Wes Welker can’t win.
OK, sure, somebody is going to pay the free agent wide receiver gobs of money this offseason, but his contractual status with the New England Patriots has become a relative soap opera worthy of whatever Oprah calls her network these days. First, the Patriots were supposedly “phasing” Welker out of the offense according to some media members, be it for his Super Bowl “drop” (bad pass), or the understanding that his time in New England was limited, playing under the franchise tag for one final season.
One thousand, three hundred, and fifty four yards later, including a league-leading 619 yards after the catch, that theory was put to rest. Next?
Now we have Welker on the verge of free agency with Patriots fans kicking him on the way out the door, pointing to his drops in last year’s Super Bowl loss to the Giants and in this year’s AFC title game falter to the Baltimore Ravens. Of course, that simplistic approach disregards how important an asset that Welker has been for Tom Brady and the Patriots since arriving here in 2007 and just how risky a proposition it might be to head into the 2013 season without his services, especially since tight ends Rob Gronkowski and Aaron Hernandez are injury prone and Brandon Lloyd may not be back.
So, it was assumed that when Brady re-structured his contract last week, that Welker was next in line. Yet, after a report Tuesday that detailed just how close the two sides were to a new, three-year deal, Welker remains unsigned, with free agency looming. On Wednesday, an ESPN report stated that Welker is insistent on testing the market before signing a deal with the Patriots, adding yet another layer to a story in the works a day after another report stated that Welker had “mild disdain” for the organization.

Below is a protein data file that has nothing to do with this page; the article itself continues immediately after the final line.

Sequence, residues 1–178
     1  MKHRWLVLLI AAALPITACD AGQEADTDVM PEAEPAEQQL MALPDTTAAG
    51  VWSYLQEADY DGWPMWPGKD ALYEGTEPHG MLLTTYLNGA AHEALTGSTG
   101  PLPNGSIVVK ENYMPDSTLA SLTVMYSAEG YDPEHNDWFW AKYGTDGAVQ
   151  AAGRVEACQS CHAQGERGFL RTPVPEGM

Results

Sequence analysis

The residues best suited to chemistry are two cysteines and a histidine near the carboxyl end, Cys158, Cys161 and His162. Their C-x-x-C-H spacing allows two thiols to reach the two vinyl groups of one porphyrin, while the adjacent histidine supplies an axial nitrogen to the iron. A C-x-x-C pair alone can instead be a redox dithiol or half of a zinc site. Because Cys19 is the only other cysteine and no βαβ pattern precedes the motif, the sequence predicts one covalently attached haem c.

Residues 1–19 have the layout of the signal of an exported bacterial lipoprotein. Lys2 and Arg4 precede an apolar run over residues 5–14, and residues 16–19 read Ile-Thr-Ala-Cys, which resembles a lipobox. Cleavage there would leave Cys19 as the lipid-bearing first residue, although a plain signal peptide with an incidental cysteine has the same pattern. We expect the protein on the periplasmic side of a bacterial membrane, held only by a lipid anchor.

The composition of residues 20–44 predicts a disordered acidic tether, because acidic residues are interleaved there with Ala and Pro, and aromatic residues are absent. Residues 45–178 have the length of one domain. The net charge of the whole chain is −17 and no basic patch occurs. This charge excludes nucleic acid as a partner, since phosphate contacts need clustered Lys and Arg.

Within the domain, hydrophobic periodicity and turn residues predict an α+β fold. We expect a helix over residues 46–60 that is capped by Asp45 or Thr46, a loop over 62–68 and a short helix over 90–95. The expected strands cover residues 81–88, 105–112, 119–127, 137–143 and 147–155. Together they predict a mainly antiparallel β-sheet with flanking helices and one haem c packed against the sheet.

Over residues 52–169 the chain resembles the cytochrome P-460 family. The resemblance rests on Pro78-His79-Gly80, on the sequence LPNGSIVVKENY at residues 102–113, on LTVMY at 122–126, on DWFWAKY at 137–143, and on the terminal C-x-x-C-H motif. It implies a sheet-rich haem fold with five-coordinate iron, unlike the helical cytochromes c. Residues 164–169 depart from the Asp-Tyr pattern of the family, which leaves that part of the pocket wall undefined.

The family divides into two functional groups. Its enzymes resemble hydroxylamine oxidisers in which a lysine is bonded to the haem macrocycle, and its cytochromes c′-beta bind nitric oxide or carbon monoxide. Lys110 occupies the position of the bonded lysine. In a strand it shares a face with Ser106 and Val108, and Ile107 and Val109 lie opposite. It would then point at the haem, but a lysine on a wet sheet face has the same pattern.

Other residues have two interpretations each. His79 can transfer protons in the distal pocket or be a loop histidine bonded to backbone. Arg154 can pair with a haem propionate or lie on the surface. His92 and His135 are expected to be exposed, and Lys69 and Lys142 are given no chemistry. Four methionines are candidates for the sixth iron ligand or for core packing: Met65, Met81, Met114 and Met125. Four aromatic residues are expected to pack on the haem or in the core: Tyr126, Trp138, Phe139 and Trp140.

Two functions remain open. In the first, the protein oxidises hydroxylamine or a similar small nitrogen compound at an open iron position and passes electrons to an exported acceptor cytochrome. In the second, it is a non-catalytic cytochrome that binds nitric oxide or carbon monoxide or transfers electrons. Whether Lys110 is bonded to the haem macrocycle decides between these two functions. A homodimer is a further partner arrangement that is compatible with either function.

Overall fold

Mild disdain? Is that like jumbo shrimp? Amicable hatred?
Whatever we know about Welker’s future with the New England Patriots, at least we know that the story will change in 45 to 47 minutes from now. Heck, for all we know, someone will break that Welker is actually in line for the Pope gig.
The daily Wes Welker update has been like reading “The Far Side,” a morning update that is beginning to delve into absurdity. Depending upon whom you speak to, Welker is either thoroughly committed to finishing the job here in New England, or he’s ready to cut bait and return to Miami for a big paycheck. And you just know that if it’s the latter, Patriot fans will react with a venomous vigor that we can already smell percolating.
Never mind the fact that the Patriots defense has been about as porous as a cheap napkin the past few seasons, some choose to look at Welker, whether it is with the feeling of his impending departure or not, and lay blame at his feet for a pair of costly drops that may not have been entirely his fault. What they are apparently willing to give up is one of the best, most consistent receivers in the game for the dubious notion that Julian Edelman is the heir apparent. This, despite the fact that the next hit Edelman takes and bounces back from will be his first.
Welker’s durability has certainly been underappreciated to some measure. For a team that can’t seem to keep its receiving corps healthy and together for any significant stretch of time, you’d figure that might mean more.
And it probably does. We expect a report any moment that Welker has re-upped. Then, probably another one that he’s gone. Still holding out for the Pope news too.
But so goes the saga of Wes Welker and his future with New England, like the weather he's played in for the last six seasons. Don't like it? Wait a minute.